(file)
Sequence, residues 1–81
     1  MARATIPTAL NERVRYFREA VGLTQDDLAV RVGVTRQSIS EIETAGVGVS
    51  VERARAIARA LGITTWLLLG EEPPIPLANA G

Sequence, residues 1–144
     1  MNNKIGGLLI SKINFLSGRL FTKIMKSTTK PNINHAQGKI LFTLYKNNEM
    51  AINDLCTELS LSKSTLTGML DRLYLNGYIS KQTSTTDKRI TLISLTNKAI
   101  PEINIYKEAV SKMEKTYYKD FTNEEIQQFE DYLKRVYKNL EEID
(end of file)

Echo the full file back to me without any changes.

Sequence, residues 1–81
     1  MARATIPTAL NERVRYFREA VGLTQDDLAV RVGVTRQSIS EIETAGVGVS
    51  VERARAIARA LGITTWLLLG EEPPIPLANA G

Sequence, residues 1–144
     1  MNNKIGGLLI SKINFLSGRL FTKIMKSTTK PNINHAQGKI LFTLYKNNEM
    51  AINDLCTELS LSKSTLTGML DRLYLNGYIS KQTSTTDKRI TLISLTNKAI
   101  PEINIYKEAV SKMEKTYYKD FTNEEIQQFE DYLKRVYKNL EEID